JH: S.E. Hinton is on there. But yeah, I’d like to see more suggestions in general. Though we’re totally reconceiving and developing the whole reader rec feature for our new site.
I could see you doing a 'written by women' for men edition. What's the chance of that?
JH: After my daughter was born I wanted to do just that. I put out the call, got a handful of great stuff, but when the time came it seemed too much like a gimmick; I didn’t want to make a spectacle of featuring women authors in BULL, but rather have that be a regular occurrence.
Perhaps you could tell us here about female authors you personally admire?
JH: I like Grace Paley, Annie Proulx, Bonnie Jo Campbell, Joy Williams, Flannery O’Connor. Say what they will, but I personally admire the following Stephenie Meyer has built, and I liked her books. J.K. Rowling... I mean, the creation of these phenomenon titles is really fascinating to me.
JYS: I learned an absolute ton from Flannery O’Connor. When I kind of lose my way and need to reset I go back to Raymond Carver and her. Also, on a sentence-by-sentence level, I absolutely adore Virginia Woolf and Gertrude Stein. Their writings, and those of other Modernist women writers, form a lot of my personal theory about experimental prose and sentence construction.
It seems like you've got a very busy upcoming year planned for Bull. Tell us a bit about that...
JH: Busy, busy, yeah. There’s lots of ambitions to mention, but as a few may not pan out I’ll keep quiet. The main thing is we’ll have a print issue, a handsome, perfect-bound, illustrated number. The website will look totally different, and the main goal there is more content, greater frequency, and easier interactivity—more ways for the audience to be an active part of BULL.
Do you write an editorial for the print -or online - edition?
JH: I’ve started. I try to make it more than the usual updates on editorial goings-on. I try to say something. But once everything is assembled and complete, it’s just yet another reason to stare at the computer screen. I’m toying with the idea of video, something casual and fun.
I really like your idea of the prison book review programme. How's that going?
JH: Of all things, I’m most excited about that. I asked Curtis to just write what he thought, no pretensions, no expectations. To have fun with the format—feel free to include what it’s like to read the book in prison, to go off on tangents, etc.... I think he’s just starting to hit his stride. I’d like more publishers, large and small, maybe even other journals to be involved: get more books into the prison system, maybe get a few more reviewers going. The thing that’s hard is a rather strict protocol in sending items of any kind to inmates.
JYS: I’m incredibly proud of that feature. I think Curtis Dawkins has proven himself already to be one of the best reviewers out there today. His thoughts and reflections on the books, and society as a whole, are just fantastic.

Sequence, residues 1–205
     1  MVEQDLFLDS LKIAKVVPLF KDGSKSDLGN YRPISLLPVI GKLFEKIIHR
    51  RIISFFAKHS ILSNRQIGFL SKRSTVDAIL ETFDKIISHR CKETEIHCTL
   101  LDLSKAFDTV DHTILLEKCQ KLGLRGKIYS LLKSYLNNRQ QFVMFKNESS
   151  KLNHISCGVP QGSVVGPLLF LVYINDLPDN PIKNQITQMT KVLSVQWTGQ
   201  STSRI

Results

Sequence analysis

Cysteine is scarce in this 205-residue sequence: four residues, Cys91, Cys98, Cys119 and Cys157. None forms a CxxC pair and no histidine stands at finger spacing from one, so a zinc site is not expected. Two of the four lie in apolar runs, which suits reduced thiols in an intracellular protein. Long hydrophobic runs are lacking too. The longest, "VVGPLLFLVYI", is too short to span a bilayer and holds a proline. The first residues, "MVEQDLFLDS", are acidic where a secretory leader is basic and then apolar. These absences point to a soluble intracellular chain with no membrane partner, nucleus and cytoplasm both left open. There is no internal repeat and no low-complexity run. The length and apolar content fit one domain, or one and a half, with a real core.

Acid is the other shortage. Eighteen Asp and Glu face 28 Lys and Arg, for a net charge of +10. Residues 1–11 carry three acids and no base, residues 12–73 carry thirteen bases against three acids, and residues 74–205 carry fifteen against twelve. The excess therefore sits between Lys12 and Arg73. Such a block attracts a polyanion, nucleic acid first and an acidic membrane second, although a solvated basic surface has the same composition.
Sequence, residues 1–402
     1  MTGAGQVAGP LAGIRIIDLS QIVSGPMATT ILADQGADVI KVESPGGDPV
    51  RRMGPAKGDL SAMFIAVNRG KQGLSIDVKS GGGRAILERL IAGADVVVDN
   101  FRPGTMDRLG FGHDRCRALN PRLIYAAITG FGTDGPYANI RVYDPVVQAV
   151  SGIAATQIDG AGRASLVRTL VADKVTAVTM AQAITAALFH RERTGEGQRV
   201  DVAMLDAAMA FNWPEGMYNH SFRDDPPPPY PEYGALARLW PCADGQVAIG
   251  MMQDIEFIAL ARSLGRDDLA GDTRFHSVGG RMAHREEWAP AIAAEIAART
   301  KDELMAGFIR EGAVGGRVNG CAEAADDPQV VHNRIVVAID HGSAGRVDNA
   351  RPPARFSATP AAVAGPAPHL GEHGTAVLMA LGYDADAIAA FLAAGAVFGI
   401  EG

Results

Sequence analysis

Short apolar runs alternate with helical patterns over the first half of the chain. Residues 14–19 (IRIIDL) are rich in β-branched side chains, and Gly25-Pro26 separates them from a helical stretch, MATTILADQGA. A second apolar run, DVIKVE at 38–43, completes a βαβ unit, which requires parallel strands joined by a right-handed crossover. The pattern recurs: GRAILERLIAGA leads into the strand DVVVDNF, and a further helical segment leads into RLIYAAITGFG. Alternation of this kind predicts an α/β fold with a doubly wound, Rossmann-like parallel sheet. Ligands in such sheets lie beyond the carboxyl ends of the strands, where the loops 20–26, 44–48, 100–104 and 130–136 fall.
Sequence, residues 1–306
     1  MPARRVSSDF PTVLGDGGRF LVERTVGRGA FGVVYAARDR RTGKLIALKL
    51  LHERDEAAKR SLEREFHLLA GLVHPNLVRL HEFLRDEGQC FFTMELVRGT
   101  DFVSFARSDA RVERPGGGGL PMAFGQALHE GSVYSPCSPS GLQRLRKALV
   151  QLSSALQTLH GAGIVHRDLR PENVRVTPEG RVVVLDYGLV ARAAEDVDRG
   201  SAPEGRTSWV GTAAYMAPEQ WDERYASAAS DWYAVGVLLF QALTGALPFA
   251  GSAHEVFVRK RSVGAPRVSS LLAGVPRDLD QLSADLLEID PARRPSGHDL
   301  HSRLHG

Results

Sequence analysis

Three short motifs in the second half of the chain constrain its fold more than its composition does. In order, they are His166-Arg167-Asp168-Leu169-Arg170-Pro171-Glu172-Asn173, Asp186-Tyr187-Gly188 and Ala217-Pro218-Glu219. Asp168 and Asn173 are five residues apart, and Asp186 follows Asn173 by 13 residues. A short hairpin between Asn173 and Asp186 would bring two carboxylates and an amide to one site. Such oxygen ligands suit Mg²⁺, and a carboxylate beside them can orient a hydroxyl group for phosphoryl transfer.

Norah Vincent's 'Self Made Man' seemed to conclude with Norah feeling quite sorry for men because 'masculinity' imposes quite a rigid framework in terms of who men are supposed be while at the same time men don't get any of the good stuff that women have access to such as the support network created by sharing confidences. What do you say to that?
JH: I say go Norah. I think there’s some truth to that. I wouldn’t go so far as to say that “men don’t get any of the good stuff,” because we’ve got our good stuff. I would say too, though, that with the up-and-coming generation of men this “framework of who men are supposed to be” isn’t as rigid as it has been; conceptions of masculinity are changing, which adds another level of complexity to the whole thing. It’s one reason I think BULL is all the more worthwhile.
JYS: I just want to second that. This whole thing is about the fact that men aren’t always what you expect them to be. That’s the whole ballgame right there.
Why is your blogsite called the 'Parlor' when that was, historically, the posh room in the house in which women received their visitors? Or have I been reading too much Austen again?
JH: I think that’s Ms. Austen’s doing on you. It’s a pretty gender-neutral word for the most part, I think. There’s all kinds of parlors: ice cream, beer, funeral. I went with it for the roots in talk and speak, and the feel of something like a billiard parlor. Its days are numbered, though. We’re moving on to bigger and better things on that end too.
And finally... What do you most want people to know about Bull?
JH: Right now I suppose just that we exist, that we have existed, and that the fireworks are about to start.
JYS: I think, from just a reading of BULL, that people will notice that we’ve got something special brewing. The intent is good, not to mention needed, the direction is spot-on, and the writing itself is tremendous. At the end of the day, I think our stories and content speak for themselves.
Rachel Worrall is a writer and model from the UK. She is crazy about reading and equally crazy about writing. She is currently working on her second novel 'Amen'.